William McBryar MOH

b. 14/02/1861 Elizabethtown, North Carolina. d. 08/03/1941 Philadelphia, Pennsylvania.

DATE OF MOH ACTION: 07/03/1890 Arizona Territory.

William McBryar MOH

William McBryar was born February 14, 1861, in Elizabethtown, North Carolina to Rose Black. McBryar attended St. Augustine’s Normal College starting in 1883 and entered the collegiate program in 1885. On his individual service report, his listed “physics, political [economy], science of government, sociology” as areas of professional or scientific study and investigation other than military. He also wrote that he studied “Latin and Spanish” and was able to speak Spanish. He left college one year prior to graduating and appeared as a labourer in New York on the census.

McBryar enlisted in the 10th Cavalry on January 3, 1887, for a period of five years and requested assignment on the frontier. A Buffalo Soldier in the United States Army, he received America’s highest military decoration – the Medal of Honor – for his actions during the March 7, 1890, Cherry Creek Campaign in Arizona Territory while serving as a sergeant in Company K of the 10th Cavalry Regiment. On that day, he participated in an engagement in Arizona where he “[d]istinguished himself for coolness, bravery and marksmanship while his troop was in pursuit of hostile Apache Indians.” For his actions, Sergeant McBryar was awarded the Medal of Honor two months later, on May 15, 1890.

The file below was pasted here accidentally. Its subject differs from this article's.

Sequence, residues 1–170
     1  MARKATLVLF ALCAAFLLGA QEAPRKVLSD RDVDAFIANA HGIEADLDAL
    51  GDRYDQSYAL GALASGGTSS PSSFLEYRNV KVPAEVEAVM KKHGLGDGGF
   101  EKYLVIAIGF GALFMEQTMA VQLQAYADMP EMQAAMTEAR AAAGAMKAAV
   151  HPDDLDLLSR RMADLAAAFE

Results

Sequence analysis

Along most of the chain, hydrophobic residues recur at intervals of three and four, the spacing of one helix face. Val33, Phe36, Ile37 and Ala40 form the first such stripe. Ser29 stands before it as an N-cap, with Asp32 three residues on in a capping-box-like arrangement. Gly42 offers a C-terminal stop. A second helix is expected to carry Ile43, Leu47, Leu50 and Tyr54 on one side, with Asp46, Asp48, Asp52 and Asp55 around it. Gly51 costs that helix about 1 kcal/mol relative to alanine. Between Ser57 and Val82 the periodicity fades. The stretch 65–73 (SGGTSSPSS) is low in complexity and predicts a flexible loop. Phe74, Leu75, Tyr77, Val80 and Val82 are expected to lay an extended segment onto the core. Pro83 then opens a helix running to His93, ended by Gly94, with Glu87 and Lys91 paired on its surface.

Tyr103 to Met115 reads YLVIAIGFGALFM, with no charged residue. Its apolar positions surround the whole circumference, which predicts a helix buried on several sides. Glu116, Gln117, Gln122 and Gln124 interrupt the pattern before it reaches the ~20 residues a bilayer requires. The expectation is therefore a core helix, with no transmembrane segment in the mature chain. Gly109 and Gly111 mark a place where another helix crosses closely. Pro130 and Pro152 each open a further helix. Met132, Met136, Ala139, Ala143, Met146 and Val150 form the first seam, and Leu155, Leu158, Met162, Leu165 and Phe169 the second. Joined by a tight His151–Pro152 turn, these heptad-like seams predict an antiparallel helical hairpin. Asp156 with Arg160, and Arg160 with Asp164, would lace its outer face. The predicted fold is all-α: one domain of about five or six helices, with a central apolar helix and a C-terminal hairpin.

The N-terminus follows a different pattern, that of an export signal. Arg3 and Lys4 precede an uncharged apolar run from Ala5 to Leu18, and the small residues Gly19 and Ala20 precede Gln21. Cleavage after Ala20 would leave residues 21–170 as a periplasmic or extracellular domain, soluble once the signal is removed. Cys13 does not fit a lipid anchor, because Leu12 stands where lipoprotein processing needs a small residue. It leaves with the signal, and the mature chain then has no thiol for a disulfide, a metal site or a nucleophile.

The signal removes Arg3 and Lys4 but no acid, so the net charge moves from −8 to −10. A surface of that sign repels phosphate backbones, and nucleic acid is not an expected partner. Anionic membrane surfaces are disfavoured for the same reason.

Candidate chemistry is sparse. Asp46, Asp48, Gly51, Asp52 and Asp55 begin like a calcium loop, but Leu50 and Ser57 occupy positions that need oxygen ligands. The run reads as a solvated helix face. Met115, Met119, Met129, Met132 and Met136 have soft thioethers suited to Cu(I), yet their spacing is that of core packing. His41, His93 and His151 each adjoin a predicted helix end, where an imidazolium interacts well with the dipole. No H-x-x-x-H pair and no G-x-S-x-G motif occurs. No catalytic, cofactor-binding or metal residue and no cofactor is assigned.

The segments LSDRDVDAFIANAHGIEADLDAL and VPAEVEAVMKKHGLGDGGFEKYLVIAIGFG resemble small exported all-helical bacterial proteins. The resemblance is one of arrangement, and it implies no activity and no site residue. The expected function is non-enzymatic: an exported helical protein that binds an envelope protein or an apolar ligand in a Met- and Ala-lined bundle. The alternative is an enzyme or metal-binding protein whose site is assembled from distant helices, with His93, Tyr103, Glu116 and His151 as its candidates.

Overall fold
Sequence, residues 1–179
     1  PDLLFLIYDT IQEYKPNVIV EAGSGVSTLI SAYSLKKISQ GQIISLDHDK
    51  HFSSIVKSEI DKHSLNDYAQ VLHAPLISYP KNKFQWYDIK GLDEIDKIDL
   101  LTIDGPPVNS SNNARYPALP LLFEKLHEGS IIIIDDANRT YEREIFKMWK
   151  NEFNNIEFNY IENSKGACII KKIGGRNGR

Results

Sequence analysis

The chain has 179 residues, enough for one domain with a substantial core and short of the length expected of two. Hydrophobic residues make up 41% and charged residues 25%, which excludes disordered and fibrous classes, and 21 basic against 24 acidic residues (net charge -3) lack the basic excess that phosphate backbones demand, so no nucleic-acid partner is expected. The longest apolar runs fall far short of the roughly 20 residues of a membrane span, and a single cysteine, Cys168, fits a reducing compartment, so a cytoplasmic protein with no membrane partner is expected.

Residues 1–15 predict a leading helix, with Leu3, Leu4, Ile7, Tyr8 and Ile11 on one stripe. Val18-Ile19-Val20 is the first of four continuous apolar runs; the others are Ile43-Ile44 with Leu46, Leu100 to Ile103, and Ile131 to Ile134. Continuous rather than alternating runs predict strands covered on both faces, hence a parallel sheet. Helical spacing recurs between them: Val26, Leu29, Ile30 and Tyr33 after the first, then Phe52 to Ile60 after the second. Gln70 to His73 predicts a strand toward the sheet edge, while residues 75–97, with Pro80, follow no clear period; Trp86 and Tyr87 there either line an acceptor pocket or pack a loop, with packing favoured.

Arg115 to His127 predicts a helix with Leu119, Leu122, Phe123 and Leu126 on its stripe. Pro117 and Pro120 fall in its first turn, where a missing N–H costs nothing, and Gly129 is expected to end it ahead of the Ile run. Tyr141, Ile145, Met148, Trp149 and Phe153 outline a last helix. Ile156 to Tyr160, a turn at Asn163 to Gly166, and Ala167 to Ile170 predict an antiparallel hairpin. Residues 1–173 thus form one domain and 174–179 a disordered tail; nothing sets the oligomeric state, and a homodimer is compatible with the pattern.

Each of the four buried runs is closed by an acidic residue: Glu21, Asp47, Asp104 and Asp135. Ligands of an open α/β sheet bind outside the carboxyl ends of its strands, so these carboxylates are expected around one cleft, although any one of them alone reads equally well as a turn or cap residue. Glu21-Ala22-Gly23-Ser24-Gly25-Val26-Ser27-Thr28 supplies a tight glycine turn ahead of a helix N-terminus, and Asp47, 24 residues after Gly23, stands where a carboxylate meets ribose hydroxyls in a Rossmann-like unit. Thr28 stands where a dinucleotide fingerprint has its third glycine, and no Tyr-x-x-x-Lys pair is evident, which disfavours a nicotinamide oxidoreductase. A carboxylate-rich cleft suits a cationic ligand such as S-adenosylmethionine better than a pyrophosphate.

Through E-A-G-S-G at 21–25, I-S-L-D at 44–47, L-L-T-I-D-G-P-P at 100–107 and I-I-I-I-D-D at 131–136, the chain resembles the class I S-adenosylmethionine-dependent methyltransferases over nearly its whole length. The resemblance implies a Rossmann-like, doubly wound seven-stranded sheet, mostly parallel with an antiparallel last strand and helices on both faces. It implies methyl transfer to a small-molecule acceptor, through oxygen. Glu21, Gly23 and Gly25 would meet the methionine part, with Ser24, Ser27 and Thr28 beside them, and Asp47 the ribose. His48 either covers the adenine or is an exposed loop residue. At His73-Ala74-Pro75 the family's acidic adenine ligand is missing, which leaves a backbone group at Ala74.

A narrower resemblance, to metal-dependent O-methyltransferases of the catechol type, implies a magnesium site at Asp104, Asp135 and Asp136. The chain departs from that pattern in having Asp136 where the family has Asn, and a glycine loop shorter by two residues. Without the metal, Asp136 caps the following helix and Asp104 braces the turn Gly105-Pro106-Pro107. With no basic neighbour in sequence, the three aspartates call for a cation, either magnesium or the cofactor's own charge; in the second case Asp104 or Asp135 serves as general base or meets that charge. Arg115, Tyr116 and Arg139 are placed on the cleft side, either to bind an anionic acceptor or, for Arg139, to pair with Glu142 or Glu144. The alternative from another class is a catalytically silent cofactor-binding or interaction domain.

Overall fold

He reenlisted in the 25th Infantry and was deployed to the Spanish American War, serving with distinction at the Battle of El Caney, Cuba. For his gallantry, he received a commission as a First Lieutenant in the 8th U. S. Volunteer Infantry. A letter from the Adjutant General’s Office, Washington dated September 7, 1898, to Col Huggins, Fort Thomas, Kentucky, states “McBryar, Goings and Gaither this day commissioned.” LT McBryar accepted via Western Union Telegraph on September 13, 1898. He accepted a commission as a 2LT in the 49th U.S. Volunteer Infantry and served with Company M, Piat, Luzon, Philippines during the Philippine–American War. In May 1900 he led a group of soldiers that captured an enemy guerilla unit in Cagayan. He was mustered out with his unit on June 1, 1900, at Presidio, California.

He married Sallie B. Waugh on December 10, 1906, in Greensboro, North Carolina by Reverend J.G. Walker. A record is on file at the Greensboro, North Carolina Court House. This was the first marriage for both McBryar and Waugh, and no children were born to this union. Waugh died in 1928 and McBryar remarried Lucy E. Sweatt of Lynch, Kentucky on July 13, 1933. However, the marriage failed and ended in divorce on July 20, 1938.

McBryar worked as a watchman at the Arlington National Cemetery in 1909. After returning to his farm for two years, McBryar then taught as a military instructor at Saint Paul’s Normal and Industrial School near Lawrenceville, Virginia for one year from 1911-1912. He began working for the Federal Penitentiary Service at the federal prison on McNeil Island in Washington state at noon on March 20, 1914. McBryar had several jobs after this. He taught at a school from 1924 – 1928. He then attended school for four years. He graduated Tennessee Agricultural and Industrial State University in 1934 at the age of 73 with a Bachelor of Science degree in Agriculture. McBryar returned to teaching again in 1935.



Distinguished himself for coolness, bravery, and marksmanship while his troop was in pursuit of hostile Apache Indians.